Theatre is life on A Good Reed Review
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A Theatre Near U is presenting another Tony Kienitz world premiere, this time taking a farcical trip down memory lane back to the all-important crises of high school. His latest work, Like, Like, Like?, presents a unique view of high school to which audience members of all ages can relate. For those whose high school years are viewed from a distance through the rear-view mirror of their life, this presentation will likely trigger a bit of nostalgia. For those in the midst of their high school years, these young actors may embody a view of their friends with a level of familiarity. And for those eagerly awaiting to start high school, the characterizations may show them that they have nothing to fear and plenty to savor. [Continue reading]
We have all heard his music. Ludwig van Beethoven, famous for his nine symphonies along with his ubiquitous piano compositions and other chamber works, is more than just the sum of his music. Hershey Felder is back on the TheatreWorks stage telling the fascinating story of Beethoven’s life from the perspectives of both Gerhard von Breuning and the maestro himself. Hershey Felder, Beethoven, with text by Hershey Felder, is based on Dr. Gerhard von Breuning’s personal recollections published in 1874 in “Aus dem Schwarzspanierhaus.” Felder’s presentation, punctuated by his piano virtuosity, is absolutely stunning. [Continue reading]
Sapiens: A Brief History of Humankind, by Yuval Noah Harari, was first published in the U.S. in 2015, and it took the country by storm. It quickly became a New York Times best seller and is used in numerous history courses around the country. Great Britain saw its English language release a year earlier in 2014, but the author’s countrymen saw it first published in his native Hebrew a few years before that in 2011. Beyond that, the book has been translated into over thirty languages worldwide, and at least the American English version is credited as being translated by Harari, with help from John Purcell and Haim Watzman. Why did Sapiens:… make such a splash around the world? It tells a fascinating story. Harari is an Israeli born historian and a tenured history professor at Hebrew University of Jerusalem with a passion for how every human endeavor affects history and the world. [Continue reading]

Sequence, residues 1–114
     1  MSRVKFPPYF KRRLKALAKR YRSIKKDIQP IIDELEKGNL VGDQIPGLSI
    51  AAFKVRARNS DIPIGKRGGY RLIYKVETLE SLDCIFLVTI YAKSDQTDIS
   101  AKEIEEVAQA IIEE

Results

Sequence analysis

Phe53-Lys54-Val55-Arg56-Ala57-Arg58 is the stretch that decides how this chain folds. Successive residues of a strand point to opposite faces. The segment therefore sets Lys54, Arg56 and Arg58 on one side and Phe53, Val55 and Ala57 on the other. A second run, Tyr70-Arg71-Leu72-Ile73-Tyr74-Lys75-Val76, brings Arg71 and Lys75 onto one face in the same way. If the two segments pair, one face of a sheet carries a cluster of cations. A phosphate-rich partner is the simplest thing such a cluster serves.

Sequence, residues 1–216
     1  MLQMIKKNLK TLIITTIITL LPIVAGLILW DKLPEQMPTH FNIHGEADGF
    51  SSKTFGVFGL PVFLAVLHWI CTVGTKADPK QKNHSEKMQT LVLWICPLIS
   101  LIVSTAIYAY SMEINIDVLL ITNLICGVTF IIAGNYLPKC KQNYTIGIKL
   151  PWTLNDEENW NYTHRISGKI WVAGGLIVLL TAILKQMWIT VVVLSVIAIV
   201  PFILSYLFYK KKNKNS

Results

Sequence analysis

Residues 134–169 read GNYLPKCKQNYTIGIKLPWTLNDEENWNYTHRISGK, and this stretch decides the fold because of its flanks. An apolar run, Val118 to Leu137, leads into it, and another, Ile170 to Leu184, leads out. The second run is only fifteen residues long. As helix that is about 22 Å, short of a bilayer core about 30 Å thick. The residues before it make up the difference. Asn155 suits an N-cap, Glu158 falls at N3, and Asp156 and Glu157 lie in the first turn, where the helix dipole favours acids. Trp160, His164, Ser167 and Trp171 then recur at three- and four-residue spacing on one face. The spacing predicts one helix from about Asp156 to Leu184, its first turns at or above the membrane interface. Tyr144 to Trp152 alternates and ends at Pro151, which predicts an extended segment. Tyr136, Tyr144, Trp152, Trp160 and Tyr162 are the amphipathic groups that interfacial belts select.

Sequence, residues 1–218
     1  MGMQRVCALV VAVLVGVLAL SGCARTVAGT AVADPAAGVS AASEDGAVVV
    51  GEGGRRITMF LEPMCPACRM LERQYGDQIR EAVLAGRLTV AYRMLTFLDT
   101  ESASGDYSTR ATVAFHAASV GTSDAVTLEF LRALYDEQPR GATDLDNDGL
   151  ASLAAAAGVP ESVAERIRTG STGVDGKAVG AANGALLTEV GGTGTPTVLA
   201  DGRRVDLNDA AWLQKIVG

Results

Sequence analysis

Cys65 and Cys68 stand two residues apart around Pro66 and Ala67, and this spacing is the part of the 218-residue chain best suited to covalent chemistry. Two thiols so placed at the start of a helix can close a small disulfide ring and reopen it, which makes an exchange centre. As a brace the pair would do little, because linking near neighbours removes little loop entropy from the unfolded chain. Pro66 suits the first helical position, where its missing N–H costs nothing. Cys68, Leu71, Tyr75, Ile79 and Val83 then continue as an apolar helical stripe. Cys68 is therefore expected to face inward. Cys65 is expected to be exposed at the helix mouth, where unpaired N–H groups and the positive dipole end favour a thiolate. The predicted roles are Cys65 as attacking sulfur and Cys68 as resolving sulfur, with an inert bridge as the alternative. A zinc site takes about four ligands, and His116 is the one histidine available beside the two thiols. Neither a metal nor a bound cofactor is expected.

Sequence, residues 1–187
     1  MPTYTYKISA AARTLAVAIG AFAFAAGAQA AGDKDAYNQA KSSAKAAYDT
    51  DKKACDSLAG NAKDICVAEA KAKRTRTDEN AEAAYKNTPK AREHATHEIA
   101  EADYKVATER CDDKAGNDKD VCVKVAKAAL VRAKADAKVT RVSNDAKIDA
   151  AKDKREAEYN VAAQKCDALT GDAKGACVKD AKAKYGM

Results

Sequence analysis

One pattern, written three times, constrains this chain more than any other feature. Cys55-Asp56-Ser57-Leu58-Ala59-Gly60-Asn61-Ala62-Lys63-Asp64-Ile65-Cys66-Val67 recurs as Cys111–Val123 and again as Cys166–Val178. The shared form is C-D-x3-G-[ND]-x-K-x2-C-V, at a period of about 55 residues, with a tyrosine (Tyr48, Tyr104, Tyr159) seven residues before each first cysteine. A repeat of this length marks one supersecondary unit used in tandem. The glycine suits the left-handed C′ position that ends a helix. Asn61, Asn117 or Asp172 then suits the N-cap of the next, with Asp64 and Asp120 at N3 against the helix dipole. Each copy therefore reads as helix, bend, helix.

J.K. Rowling discovered gold when her first Harry Potter book, Harry Potter and the Philosopher’s Stone (renamed to Harry Potter and the Sorcerer’s Stone outside of the U.K.), hit the presses in 1997. Intended as the first installment of a seven-part children’s book series, it fortuitously (though unexpectedly) appealed to readers of all ages. Rowling released the subsequent books over the next decade with the final installment reaching the shelves in July 2007 with Harry Potter and the Deathly Hallows. The reception was phenomenal. Not only did readers clamber for each new book, the movie industry embraced the stories and released blockbuster adaptations of each one, the last taking two films to fully explore.
In 2015, a new story synopsis in the Harry Potter oeuvre surfaced. The story was written by J.K. Rowling, John Tiffany, and Jack Thorne, and Thorne went on to put this story into the form of a play. The full rehearsal script of Harry Potter and the Cursed Child was released on 31 July 2016, one day after the maiden voyage of the play opened in London. This review discusses only the script as a book, not as commentary on any performance of the material. [Continue reading]
Have you ever watched an animated film and while watching the film thought, “This is great music!” Have you then wondered how that music came to be, and which came first, the animation, or the music? After all, something had to come first. [Continue reading]
As I mentioned in my previous commentary discussing the role of a theatre reviewer, I’ve often been asked if I review professional and amateur productions differently. My short answer then and now remains no, but I started thinking about what defines a professional production. Perhaps my refusal to treat them differently should have been a clue that there is a fuzzy line separating professional from amateur theatre in many circles. For instance, in theatre-rich areas such as the San Francisco Bay Area, one can find high quality productions without regard to whether the company is professional or not. Still, I was curious, so I started digging a little deeper. [Continue reading]
In the fall of 2012, A Good Reed Review published a commentary entitled “The role of the pit musician in musical theatre”. The article discussed the unique role pit musicians play along with some of the challenges they face. Part of that discussion focused on some of the differences between being a pit musician versus a cast member. While I am a pit musician and musical director (normally the reason for periodic breaks from publishing theatre reviews), last fall, a different opportunity presented itself. For a change of pace, I climbed out of the pit and onto the stage as a cast member in West Valley Light Opera’s production of Fiddler on the Roof, an experience which confirmed, amplified and expanded upon much of the discussion in my previous commentary. [Continue reading]
In REMEMBERING MOM AND DAD, I make the jump from analyzing the stories to telling them. The book is a collection of essays and short stories written over time remembering Bayla and Jerry Jacobson. The stories include personal recollections from my experience along with the retelling of numerous events related to me in conversations over the years. Some of the stories included are: “Music in the House”, “The Parenthood Plunge”, “The Jacobson Pet Parade”, “Disney Days of Summer”, and many more. Interested?
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